While The Airing of Grievances was massively ambitious, it was an album written in basements and it sounds like it. The Monitor, on the other hand, is a widescreen, epic, complete with historical trappings, naval battles and a cast of thousands. It announces itself as such on its title track. Starting with a building whine the music slowly builds under a stirring Abraham Lincoln quote until, containable no longer, the drums blast through the walls and sends the proceedings into second gear. It’s the kind of music best queued up just before an interstate on-ramp and timed to break open just as you’re hitting the open road. It is exhilaration personified. And not only that but the damn thing just keeps going. For seven minutes. And it somehow never loses its adrenaline. Stickles names checks everything from Billy Bragg to Independent League Baseball and yet somehow manages to tie things neatly into the album’s loose concepts about both Stickles moving to Boston and modern life reflecting the Civil War. You don’t even realize it but at some point between the Springsteen references and galloping guitars you realize that you’re punk song has turned into “John Brown’s Body” and nothing could feel more natural.
1. “Titus Andronicus” (The Airing of Grievances, 2008)
Much of satisfaction in Titus Andronicus records is the inherent tension between Patrick Stickles’ lyrics about life’s dysphoric meaninglessness and the music’s unbridled and joyous vitality. It should be no surprise that the song which bears the band’s name is perhaps the best example of this. With all the over-intellectualization of the excruciating minutiae of everyday life seen elsewhere in their catalog, “Titus Andronicus” is a visceral response to all the things that would slowly beat us down and drag us away from our humanity — work, church, societal expectations, etc.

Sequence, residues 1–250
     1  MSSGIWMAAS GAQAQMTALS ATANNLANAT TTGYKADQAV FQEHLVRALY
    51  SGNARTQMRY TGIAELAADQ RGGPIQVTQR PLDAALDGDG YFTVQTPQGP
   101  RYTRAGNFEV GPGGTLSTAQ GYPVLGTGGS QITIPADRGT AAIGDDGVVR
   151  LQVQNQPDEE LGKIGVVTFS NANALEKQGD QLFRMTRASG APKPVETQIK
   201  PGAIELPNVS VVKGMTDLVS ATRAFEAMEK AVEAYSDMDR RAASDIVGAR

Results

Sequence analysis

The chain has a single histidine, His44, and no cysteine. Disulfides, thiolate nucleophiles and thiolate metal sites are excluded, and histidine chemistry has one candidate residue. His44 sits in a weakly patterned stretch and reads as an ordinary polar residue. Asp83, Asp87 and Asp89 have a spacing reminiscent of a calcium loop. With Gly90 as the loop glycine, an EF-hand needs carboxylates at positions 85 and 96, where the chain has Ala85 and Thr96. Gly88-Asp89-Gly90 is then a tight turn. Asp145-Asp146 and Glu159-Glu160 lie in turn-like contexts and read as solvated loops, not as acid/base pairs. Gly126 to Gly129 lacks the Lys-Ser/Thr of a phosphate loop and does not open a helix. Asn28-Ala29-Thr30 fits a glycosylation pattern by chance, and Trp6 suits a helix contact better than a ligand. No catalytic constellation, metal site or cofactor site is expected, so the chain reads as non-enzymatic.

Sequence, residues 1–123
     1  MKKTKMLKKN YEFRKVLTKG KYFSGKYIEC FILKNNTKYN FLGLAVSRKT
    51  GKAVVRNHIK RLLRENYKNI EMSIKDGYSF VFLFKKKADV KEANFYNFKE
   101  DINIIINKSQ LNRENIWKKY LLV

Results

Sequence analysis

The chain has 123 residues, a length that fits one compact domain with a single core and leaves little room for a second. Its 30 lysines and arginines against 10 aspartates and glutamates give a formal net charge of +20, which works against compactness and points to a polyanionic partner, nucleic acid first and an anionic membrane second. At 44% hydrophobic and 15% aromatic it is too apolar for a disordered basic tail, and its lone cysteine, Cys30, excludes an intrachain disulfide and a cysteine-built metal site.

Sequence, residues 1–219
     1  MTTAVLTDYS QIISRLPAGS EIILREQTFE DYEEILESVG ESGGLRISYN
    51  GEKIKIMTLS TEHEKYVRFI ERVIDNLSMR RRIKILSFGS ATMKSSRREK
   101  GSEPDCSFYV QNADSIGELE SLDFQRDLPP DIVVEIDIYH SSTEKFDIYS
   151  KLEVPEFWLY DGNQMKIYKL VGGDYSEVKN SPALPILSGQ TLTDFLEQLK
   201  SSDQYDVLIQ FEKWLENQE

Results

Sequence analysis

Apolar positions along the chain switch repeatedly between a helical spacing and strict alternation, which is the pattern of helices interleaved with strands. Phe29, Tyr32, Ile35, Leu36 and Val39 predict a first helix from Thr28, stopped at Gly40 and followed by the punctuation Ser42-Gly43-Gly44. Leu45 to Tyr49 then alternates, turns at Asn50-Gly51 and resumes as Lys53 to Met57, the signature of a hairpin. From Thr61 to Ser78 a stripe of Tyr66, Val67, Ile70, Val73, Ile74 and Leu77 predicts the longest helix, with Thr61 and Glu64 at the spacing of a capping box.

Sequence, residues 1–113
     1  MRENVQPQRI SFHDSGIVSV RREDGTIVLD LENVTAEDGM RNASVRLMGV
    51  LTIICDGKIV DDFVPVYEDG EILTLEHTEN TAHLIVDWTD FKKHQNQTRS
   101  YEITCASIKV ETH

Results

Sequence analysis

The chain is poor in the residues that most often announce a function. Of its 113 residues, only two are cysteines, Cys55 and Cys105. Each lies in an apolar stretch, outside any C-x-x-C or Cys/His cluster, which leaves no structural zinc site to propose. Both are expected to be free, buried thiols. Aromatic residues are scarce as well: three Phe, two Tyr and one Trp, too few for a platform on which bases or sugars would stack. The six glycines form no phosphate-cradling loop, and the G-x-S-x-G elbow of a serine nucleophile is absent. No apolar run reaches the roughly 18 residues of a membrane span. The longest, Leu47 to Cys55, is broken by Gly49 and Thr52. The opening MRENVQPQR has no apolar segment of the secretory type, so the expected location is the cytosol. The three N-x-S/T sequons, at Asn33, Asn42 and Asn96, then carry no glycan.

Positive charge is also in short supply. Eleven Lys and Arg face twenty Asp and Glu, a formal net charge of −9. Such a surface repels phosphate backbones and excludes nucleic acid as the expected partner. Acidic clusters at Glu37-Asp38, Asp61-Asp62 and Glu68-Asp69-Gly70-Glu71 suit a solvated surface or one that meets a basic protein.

The production is also pretty visceral. The song actually starts with a whistle and gears up like a steam boat chugging slowly to life. Massive drums start thumping behind the rhythm guitar as the other systems slowly come online. Pretty soon bass, piano and a wicked harmonica are all humming as Stickles thrashes through the song. Stickles vocals are an adventure that are often off-meter but always on-message emotionally. “Your life is over / Your life is over,” he screams for the last 90 seconds, demonstrating punk’s ability to turn the a bitter denial into a total affirmation. Smoke, have sex, fall down drunk, rock the fuck out, says Titus Andronicus, because most days it’s all we can do to feel alive.